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THE FIRST SUNDAY OF LENT – A – March 01, 2020

A reading from the Book of Genesis 2:7-9, 3:1-7
A reading from the Letter of St. Paul to the Romans 5:12-19
A reading from the holy Gospel according to Matthew 4:1-11

 Dear Friends in Christ,

What are your thoughts about Lent?  Some people look forward to the season.  But some, perhaps many do not.  Some dread the season and wonder about its relevance in this day and age.  Beyond an excuse to curb the appetite and so lose a few winter-gathered pounds, Lent might have little practical impact beyond the purple vestments seen at Sunday Mass and the absence of the Gloria and Alleluia.

I talked with a friend about Lent.  Her opinion was that Lent seemed so negative.  Look how it begins, she said.  Black ashes are smeared on your forehead as you are invited to remember that you are dust and unto dust you shall return.  “Who wants to spend much time thinking about sin and death?  I don’t think I am that bad a person.  I go to Mass most Sundays.  When I’m there I would like to receive a positive and happy message.  These days, life is grim enough.”

Here is something that might surprise you.  I think Lent is a happy season and has a positive message if we are open to hear it.  Hear again the words spoken over you on Ash Wednesday.  Some parishes still use “Remember, Man, that you are dust and unto dust you shall return,” as the ashes are smeared on the forehead.  But I would hope that most people heard another phrase: “Turn away from sin and believe the Good News.”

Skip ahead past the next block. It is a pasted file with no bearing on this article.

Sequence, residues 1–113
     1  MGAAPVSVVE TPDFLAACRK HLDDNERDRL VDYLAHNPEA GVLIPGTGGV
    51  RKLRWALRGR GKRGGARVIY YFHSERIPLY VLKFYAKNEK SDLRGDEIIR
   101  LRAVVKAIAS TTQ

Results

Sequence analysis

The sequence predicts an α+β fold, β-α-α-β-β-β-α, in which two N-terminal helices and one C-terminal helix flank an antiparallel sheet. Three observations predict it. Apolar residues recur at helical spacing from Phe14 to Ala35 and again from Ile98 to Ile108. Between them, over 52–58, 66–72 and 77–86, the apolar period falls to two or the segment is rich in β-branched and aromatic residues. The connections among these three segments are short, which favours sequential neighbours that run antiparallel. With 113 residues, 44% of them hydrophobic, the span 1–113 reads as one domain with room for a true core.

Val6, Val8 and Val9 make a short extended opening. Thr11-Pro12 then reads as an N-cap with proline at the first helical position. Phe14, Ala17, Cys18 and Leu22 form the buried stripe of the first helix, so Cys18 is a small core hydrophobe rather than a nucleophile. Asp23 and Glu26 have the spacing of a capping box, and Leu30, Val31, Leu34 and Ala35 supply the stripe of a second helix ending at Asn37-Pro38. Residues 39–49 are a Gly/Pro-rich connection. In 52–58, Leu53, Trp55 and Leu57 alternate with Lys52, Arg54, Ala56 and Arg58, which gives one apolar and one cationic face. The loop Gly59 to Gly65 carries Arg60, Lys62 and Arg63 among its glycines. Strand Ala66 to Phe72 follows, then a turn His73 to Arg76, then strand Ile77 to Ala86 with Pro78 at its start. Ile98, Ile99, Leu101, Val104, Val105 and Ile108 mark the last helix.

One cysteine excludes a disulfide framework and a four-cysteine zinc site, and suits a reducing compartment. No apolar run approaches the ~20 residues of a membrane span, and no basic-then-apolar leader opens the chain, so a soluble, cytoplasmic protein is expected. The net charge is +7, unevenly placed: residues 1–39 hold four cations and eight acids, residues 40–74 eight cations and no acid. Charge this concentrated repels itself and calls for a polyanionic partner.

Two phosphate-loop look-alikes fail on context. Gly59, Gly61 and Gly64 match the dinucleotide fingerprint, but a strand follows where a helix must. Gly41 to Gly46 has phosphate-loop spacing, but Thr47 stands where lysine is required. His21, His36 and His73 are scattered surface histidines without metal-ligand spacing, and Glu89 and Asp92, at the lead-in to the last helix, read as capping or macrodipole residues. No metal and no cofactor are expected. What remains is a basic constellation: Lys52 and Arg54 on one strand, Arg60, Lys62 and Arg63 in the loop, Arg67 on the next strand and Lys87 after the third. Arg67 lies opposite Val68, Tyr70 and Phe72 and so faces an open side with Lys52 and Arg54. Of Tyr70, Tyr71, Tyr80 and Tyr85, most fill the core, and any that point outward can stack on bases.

Yes, we have to begin the season by admitting that we are sinners.  If you are like me, with a little reflection you can find some evidence to support that fact.  But the church does not want us to linger there.  Turn away from sin – whatever kind or kinds you have chosen to practice in your life, but do not stop there.  “Believe the Good News.”  In other words, “believe the Gospel!”  Lent is about our getting rid of the negative thinking that can make us wonder if there is any reason to hope, once we admit to being a sinner.  Is there forgiveness?  What part does God play in my life?

I would suggest that you read the unabridged first reading from the Book of Genesis.  Edited as it is in this Sunday’s Liturgy of the Word, it is hard to follow.  Put briefly, it is a poetic description of the origin of evil in the human experience.  It is very good in its exposure of our refusal to accept responsibility for inappropriate choices.  Lent will help us to turn that around and enable us to accept guilt and let it go.